Sue Ryder (charity) - “We welcome #barkercomm call to provide free social care at end of life and believe this should be available to everyone”
10.16am The Nuffield Trust’s chief executive, Nigel Edwards, has called the Barker Commission report “impressive” and sees merit in the suggestions looking at how to raise the required funds.
He said: “This impressive and clearly argued report clearly sets out a new vision for the stubborn problem of how to adequately fund health and social care for the future, and is to be warmly welcomed.
“But as we don’t know how many people with critical care needs are currently paying for their own care or receiving it informally, there is a risk that the Commission’s central proposal may result in new battlegrounds emerging if numbers eligible exceed the budget available for free care. This will require careful consideration from policymakers and commissioners if it is not to undermine the proposal.
“The Commission acknowledges that funding this will mean making some hard choices, and sets out a range of ways of paying for extended social care. Their suggestion to overhaul prescription charges has merit, provided it does not deter those who are the heaviest users of medicines from accessing their medication. It is also logical to target older age groups more broadly as a source of funding increases on the grounds of fairness, and the Commission’s proposals on winter fuel allowances and TV licenses echo those made by the Nuffield Trust previously.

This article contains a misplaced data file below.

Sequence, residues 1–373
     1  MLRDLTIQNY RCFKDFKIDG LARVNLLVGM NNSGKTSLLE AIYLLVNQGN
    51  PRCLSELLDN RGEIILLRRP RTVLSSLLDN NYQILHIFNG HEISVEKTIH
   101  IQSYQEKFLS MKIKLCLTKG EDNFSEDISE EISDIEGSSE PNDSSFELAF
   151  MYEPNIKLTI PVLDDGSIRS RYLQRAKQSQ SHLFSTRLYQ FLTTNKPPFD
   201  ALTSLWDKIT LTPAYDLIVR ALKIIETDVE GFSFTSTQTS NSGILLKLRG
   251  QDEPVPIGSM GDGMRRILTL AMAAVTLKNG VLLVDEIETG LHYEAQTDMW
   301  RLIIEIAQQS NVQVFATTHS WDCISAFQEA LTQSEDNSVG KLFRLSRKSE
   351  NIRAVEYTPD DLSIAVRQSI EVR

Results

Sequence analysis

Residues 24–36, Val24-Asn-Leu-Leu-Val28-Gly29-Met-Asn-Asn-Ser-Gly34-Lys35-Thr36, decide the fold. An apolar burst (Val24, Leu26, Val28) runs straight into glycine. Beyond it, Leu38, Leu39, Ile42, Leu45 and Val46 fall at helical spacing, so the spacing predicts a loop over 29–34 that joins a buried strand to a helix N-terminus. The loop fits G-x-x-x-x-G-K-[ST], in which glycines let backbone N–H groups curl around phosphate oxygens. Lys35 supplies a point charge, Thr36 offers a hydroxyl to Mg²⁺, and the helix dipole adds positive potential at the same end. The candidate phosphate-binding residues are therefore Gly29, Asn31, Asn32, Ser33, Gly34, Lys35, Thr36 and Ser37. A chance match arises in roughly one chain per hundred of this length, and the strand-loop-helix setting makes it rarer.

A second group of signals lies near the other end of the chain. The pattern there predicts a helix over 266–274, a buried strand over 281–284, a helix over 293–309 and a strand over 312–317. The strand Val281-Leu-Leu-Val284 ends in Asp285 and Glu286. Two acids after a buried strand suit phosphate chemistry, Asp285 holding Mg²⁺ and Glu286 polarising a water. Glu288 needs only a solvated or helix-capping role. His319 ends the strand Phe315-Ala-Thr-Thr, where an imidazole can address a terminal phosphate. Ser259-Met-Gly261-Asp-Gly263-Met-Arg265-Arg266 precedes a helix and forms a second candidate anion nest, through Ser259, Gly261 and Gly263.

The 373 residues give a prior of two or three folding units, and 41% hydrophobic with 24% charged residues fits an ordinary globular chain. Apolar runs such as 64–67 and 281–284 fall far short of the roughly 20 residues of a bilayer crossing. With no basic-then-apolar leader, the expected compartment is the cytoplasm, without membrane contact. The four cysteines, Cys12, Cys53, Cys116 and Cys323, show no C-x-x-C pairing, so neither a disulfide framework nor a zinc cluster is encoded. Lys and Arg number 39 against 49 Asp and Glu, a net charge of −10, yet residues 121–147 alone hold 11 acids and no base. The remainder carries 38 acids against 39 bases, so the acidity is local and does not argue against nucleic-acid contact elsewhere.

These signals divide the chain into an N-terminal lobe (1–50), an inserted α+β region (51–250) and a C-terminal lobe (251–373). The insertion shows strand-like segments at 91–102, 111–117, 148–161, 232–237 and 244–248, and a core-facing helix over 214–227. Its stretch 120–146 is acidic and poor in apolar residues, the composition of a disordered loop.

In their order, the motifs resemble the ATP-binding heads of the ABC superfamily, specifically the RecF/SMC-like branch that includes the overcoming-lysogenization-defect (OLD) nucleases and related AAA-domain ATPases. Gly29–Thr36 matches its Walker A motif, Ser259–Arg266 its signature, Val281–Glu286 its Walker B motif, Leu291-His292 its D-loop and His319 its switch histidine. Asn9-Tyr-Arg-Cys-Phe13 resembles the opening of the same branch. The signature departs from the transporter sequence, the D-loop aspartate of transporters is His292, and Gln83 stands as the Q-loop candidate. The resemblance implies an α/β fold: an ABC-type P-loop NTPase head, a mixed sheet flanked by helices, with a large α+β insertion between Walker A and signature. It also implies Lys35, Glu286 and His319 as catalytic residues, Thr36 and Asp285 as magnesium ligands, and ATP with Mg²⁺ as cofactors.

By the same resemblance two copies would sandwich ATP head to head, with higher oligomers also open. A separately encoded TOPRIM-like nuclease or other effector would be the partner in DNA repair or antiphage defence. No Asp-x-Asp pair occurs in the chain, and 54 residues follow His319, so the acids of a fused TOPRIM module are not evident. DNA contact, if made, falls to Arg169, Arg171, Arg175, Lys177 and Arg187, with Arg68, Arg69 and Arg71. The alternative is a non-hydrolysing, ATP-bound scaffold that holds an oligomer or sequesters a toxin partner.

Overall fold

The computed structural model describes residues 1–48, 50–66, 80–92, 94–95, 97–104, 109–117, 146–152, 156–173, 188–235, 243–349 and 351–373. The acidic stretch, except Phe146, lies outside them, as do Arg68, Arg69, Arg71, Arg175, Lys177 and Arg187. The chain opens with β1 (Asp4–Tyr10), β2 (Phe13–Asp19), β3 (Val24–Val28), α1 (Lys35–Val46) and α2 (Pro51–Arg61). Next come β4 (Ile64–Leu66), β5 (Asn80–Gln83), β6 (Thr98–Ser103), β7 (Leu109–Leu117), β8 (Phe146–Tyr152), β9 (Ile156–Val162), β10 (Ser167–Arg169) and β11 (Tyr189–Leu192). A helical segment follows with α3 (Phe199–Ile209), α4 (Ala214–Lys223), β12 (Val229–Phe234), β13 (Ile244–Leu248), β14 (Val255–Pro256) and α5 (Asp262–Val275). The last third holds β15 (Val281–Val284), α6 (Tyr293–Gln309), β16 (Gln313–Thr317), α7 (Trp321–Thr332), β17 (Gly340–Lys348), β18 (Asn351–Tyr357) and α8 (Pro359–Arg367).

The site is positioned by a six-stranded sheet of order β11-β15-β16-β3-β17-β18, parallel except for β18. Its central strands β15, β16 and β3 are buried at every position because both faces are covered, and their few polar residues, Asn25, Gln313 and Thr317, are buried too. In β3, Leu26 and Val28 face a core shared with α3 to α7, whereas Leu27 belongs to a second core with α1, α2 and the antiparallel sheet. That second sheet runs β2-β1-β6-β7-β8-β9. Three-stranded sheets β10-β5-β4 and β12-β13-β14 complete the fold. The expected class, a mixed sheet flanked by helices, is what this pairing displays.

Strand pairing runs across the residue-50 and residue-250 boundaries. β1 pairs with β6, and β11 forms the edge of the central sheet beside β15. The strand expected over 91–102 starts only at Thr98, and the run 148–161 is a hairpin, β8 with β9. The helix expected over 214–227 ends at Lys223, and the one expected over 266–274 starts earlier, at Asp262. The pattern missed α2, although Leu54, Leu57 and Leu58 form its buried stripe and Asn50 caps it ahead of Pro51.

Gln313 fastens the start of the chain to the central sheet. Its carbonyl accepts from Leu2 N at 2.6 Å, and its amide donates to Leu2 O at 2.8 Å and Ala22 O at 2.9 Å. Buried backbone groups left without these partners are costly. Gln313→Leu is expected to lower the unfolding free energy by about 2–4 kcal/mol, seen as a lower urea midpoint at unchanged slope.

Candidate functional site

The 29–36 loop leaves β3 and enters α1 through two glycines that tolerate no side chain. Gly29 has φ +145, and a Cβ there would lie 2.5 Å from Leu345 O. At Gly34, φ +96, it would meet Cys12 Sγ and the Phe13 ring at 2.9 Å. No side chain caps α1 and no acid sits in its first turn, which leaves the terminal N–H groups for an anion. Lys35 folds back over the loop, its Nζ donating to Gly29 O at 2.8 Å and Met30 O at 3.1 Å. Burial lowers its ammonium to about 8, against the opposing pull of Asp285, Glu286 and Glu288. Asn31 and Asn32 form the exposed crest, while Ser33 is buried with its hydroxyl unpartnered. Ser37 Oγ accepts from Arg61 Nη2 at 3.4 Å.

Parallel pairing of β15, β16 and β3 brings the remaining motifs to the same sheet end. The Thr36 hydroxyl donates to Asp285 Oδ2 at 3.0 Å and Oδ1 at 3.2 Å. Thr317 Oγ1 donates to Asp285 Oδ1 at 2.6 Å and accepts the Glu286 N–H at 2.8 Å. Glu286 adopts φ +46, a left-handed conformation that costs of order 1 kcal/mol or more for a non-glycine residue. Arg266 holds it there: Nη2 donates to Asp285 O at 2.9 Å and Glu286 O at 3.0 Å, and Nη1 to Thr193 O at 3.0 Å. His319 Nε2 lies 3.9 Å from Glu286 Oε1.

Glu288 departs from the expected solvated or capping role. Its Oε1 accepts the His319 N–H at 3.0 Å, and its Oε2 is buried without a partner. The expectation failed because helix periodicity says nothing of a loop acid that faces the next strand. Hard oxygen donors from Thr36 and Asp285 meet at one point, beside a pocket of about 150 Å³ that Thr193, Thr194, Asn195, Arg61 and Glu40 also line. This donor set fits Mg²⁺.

“However, any measures that remove benefits from older people or tap into other sources of wealth amongst this age group will not be popular. There is still very limited public awareness of just how expensive intensive personal care can be, whether delivered at home or in an institution, and just how many families are exposed to the risk of paying for it out of their own resources under the current system. The proposals contained in this report are based on the argument that society should collectively meet those risks, just as they do for serious health problems.”